From the outset, cocaine democratized the drug game. It broke the Italian mafia’s monopoly on street narcotics, principally heroin, as Colombian cartels flooded major American cities with cocaine for as little as a tenth the cost per gram. For underprivileged Black and Latino youths, becoming a crack dealer was an opportunity to escape the generational cycle of poverty. The drug, Ramsey writes, promised to be “their Gold Rush, their Homestead Act, their Prohibition.” One of his subjects, Elgin Swift, dealt crack on the side in Yonkers to make money for bus fare, food and other essentials in a neighborhood where everyone, including Elgin’s father, seemed to be either using crack or selling it.
Shawn McCray, a basketball prodigy from the Hayes Homes in Newark, was caught with crack and narrowly escaped prison when a judge showed him mercy. He went on to graduate from Caldwell College with a degree in sociology. He vowed to go straight and took on a 9-to-5 job, only to succumb to the gravitational tug of the streets to hustle with the Zoo Crew, one of Newark’s biggest drug-trafficking rings in the early 1990s. (McCray eventually gave up dealing and went on to coach boys’ basketball at his former high school.)
Ramsey aims to give the story of the crack epidemic a human face while telling it from start to finish, a herculean task. By and large he succeeds. With a focus on deliverance for his characters as they get sober or stop dealing drugs, he leaves less explored the homicide epidemic that crack ignited — the violence that was an inevitable part of business for operations like the Zoo Crew. Still, he includes an account of Kurt Schmoke, once a zealous Baltimore prosecutor who sought the death penalty for a crack dealer guilty of gunning down a Black detective. Schmoke went on to become Baltimore’s mayor, and, in an impressive volte-face, resolved to try to halt the suffering brought on by crack by decriminalizing users. His biggest successes came in 1994, when he inaugurated a needle-exchange program and a drug-treatment court intended to help addicts avoid jail.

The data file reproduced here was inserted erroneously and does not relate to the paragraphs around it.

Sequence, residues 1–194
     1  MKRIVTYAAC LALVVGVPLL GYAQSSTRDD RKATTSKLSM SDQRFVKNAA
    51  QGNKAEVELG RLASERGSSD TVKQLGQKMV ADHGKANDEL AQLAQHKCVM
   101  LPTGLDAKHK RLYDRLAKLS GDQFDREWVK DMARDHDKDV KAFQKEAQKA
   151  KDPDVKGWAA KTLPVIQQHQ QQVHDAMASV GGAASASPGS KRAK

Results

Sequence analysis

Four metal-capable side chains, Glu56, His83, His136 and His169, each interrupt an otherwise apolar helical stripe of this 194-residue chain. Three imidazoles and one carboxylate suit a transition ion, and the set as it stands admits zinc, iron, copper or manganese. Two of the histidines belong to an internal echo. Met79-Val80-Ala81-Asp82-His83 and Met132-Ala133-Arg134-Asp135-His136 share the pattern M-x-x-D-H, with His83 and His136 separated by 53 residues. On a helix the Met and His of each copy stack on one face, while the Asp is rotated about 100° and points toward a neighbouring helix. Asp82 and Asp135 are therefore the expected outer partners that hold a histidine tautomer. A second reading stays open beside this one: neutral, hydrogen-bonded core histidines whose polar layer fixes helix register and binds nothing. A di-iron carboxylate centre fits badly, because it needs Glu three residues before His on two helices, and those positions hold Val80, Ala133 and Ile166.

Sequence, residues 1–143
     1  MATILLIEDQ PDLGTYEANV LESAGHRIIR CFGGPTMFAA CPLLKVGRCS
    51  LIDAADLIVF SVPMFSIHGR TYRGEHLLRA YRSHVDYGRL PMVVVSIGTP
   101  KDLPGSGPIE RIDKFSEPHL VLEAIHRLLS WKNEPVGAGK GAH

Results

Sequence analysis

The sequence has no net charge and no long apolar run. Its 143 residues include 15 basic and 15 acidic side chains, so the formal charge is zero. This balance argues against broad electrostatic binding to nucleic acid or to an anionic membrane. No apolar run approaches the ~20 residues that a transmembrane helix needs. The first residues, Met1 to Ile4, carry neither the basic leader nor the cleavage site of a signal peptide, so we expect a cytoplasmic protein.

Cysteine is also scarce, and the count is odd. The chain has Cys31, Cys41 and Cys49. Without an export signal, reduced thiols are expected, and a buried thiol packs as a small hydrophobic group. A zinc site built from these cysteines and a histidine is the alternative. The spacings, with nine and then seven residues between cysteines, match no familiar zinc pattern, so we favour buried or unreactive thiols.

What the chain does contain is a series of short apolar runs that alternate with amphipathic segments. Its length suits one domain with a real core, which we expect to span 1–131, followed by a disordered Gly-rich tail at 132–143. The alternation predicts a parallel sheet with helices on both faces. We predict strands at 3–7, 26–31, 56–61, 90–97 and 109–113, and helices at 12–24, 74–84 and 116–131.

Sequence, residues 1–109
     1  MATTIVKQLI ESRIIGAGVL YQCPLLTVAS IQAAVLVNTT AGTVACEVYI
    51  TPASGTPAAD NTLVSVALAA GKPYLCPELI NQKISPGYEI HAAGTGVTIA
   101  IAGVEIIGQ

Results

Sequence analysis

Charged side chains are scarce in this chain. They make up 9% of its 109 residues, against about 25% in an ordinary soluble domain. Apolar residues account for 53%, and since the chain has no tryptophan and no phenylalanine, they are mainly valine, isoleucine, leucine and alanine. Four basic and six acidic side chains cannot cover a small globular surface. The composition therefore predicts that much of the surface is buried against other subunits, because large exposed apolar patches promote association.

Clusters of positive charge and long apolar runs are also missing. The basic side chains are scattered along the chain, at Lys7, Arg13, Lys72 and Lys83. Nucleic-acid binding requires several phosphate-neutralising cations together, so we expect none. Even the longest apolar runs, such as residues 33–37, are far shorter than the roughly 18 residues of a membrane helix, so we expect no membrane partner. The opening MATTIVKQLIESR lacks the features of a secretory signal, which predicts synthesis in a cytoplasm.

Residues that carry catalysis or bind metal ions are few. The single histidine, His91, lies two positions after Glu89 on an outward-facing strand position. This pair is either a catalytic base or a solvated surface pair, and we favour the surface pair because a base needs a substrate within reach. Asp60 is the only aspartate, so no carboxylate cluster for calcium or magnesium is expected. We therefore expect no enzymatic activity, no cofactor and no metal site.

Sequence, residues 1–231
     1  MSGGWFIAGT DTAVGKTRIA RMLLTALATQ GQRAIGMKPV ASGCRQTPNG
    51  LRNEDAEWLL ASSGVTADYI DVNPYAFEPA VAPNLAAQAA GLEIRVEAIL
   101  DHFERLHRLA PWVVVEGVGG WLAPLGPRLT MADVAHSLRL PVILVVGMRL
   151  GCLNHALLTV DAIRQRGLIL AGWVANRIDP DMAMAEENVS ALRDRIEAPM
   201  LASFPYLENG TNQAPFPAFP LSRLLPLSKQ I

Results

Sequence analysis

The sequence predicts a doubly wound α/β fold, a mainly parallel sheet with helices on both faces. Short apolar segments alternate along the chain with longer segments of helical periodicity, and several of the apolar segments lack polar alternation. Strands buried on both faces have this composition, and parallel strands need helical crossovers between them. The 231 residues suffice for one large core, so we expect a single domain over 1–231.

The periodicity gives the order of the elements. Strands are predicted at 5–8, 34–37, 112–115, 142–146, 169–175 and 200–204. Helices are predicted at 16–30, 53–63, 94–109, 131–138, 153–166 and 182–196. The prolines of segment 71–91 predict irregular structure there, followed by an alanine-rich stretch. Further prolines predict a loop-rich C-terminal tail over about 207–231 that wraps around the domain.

Yet it was not politicians but, rather, people in crack-riddled communities who finally brought an end to the epidemic. By the mid-1990s a new generation had come of age, determined to reject the drug’s grip on minority neighborhoods. Marijuana, accompanied by the bass lines of Dr. Dre’s triple-platinum 1992 album “The Chronic,” supplanted crack. This younger generation heeded the cautionary tale of the 1991 movie “New Jack City” and the street justice meted out to its murderous protagonist, the Harlem crack kingpin Nino Brown. The movie’s antidrug message was in stark contrast to the glamorization of the heroin-trafficking mafia dons in “The Godfather” — yet more evidence of the disparity with which America defines its anti-establishment idols.
Jonathan Green is the author, most recently, of “Sex Money Murder: A Story of Crack, Blood, and Betrayal.” He is working on a book about a group of politically radicalized Christians who formed a deadly armed militia.